A brief biography:
Having been struck in the head, Zwingli collapsed to the ground. Stunned, he began to pray and to recite Scripture—‘do not fear those who can kill the body but fear him who can kill the soul in hell …’. As the last word passed beyond his lips and into the hearing of the Catholic soldier standing over him, the soldier struck again and this time the blow was fatal. Zwingli’s comrade in arms, hearing his last utterance and seeing the death blow, fled. The troops from Zurich were scattered like sheep without a shepherd and Zwingli died alone on the beautiful meadow near the Monastery of Kappel-am-Albis.
After the rout, the Catholic troops were looting the bodies and piling them for burning when one of them looked at Zwingli and recognized him. Announcing his find to his victorious comrades, incredible rejoicing broke out and many gathered at the place where Zwingli lie. They stripped him of his helmet and his clothing, chopped him into four pieces, threw his body in the fire, and watched gleefully as he burned to ash. So ended the life of the first of Switzerland’s reformers on the 11th of October, 1531; a life that had begun 47 years earlier on the 1st of January, 1484.
Zwingli was born in the little town of Wildhaus to Huldreich and Margarita Zwingli. To this day his birth home remains as both tourist attraction and subtle reminder of the powerful impact his existence made on the life of his beloved Switzerland. His father was the equivalent of a village elder and his rather large family was wonderfully pious. His mother was especially devoted and both of his parents were certain that Huldrych would be well suited to the Priesthood with his quick and witty mind and his native brilliance.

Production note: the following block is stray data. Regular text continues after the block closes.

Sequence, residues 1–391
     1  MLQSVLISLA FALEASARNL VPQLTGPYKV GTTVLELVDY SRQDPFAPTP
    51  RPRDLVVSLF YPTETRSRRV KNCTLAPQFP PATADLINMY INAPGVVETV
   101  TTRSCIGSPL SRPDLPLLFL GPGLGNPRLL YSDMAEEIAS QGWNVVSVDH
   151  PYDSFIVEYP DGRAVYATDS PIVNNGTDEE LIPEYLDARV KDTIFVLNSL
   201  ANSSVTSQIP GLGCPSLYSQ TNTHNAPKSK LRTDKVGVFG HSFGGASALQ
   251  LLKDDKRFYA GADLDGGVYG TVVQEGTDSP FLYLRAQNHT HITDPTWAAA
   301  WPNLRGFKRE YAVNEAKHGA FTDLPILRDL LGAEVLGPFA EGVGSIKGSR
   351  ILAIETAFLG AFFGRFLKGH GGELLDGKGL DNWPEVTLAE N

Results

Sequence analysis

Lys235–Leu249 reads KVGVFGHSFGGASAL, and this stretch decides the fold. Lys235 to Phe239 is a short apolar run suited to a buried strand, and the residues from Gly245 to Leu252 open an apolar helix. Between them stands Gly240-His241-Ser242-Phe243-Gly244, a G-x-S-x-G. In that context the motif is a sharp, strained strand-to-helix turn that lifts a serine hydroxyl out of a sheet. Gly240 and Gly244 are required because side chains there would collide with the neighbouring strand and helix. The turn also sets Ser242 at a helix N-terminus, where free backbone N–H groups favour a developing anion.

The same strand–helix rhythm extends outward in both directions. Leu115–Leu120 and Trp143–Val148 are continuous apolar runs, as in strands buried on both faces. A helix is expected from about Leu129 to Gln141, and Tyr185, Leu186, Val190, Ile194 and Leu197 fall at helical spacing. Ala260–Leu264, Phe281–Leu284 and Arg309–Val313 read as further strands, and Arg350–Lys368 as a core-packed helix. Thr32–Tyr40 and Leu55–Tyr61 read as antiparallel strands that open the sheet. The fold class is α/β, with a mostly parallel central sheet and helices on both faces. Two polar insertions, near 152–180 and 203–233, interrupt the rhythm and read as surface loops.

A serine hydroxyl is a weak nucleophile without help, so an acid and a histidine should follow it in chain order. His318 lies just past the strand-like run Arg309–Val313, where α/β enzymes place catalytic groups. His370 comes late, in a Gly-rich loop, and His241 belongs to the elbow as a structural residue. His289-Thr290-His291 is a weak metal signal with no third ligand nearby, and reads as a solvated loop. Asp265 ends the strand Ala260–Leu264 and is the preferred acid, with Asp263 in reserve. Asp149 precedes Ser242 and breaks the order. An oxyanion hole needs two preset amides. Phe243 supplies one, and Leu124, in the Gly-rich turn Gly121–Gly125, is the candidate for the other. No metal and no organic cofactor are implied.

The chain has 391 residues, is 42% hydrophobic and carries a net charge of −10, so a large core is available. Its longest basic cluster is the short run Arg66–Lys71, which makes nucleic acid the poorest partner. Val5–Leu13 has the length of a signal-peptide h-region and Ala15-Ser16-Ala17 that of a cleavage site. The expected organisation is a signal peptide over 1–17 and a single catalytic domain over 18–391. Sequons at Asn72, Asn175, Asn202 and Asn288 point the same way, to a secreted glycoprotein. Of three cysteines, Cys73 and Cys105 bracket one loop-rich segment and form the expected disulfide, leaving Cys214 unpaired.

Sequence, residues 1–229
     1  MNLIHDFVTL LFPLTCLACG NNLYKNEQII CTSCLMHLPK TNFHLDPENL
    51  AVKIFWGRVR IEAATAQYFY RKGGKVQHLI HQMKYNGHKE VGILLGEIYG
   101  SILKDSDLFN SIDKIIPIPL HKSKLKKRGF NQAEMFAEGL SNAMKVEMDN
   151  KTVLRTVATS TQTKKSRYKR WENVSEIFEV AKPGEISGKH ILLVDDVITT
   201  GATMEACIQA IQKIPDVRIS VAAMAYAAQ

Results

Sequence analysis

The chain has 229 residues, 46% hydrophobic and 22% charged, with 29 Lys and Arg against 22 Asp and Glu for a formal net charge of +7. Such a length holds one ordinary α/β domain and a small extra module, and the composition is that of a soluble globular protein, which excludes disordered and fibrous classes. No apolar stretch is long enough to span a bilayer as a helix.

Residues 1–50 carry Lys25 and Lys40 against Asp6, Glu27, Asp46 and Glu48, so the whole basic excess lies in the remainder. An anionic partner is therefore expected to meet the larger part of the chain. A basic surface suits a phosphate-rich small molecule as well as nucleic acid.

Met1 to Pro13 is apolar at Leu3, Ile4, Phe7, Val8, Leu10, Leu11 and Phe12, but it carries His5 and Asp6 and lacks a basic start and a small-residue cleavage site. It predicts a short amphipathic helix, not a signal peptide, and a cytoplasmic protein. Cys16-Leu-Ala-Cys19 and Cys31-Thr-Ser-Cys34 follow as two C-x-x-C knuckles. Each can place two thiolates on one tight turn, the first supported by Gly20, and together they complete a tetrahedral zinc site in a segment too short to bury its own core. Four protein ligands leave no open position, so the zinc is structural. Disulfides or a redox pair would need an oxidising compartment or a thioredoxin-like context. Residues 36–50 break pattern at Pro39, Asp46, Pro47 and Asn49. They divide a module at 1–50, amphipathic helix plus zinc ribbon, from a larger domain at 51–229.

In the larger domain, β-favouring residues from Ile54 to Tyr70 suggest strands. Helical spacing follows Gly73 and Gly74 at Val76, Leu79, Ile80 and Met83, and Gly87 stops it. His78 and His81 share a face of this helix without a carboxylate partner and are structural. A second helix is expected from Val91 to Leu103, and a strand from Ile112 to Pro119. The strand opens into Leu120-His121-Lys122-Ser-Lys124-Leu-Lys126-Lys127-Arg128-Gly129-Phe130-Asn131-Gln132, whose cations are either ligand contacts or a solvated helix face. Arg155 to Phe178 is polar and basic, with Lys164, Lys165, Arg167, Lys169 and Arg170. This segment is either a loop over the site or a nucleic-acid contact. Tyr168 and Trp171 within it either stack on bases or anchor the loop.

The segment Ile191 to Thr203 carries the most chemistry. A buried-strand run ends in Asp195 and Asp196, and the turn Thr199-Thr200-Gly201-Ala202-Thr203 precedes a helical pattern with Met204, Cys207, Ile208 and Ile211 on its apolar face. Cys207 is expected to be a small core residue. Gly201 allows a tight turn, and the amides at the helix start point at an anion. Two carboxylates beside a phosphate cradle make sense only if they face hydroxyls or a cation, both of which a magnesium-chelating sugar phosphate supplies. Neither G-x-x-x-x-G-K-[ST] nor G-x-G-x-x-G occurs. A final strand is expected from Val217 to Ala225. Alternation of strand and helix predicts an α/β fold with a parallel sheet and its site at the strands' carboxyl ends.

While young, Zwingli learned to love music and became proficient in the use of about 10 instruments. The oft repeated misrepresentation that Zwingli hated music was simply not true. When he engaged in Reform he simply saw so much Church music as self serving on the part of singers and musicians (organists in particular) that it actually distracted from true worship and so he banned it.
At ten years of age Zwingli was sent to Basel to study and then to Bern and Vienna (at around fifteen years of age) where he earned a Bachelor’s degree. By 1506 he had earned a Master of Arts at Basel’s famous University and then shortly after celebrated his first Mass at his hometown before moving to Glarus to take up his priestly office. It was while he was in that picturesque village that Zwingli poured himself into his studies of the Bible, led by the urgings of Erasmus, who was then the leader of learning in Switzerland and across western Europe. According to his own testimony, it was in 1515 that the ‘reformatory’ spirit began to stir in his heart so that when he moved to Einsiedeln (in 1516) to serve the congregation there, he was already pursuing the beginnings of Reformed thought.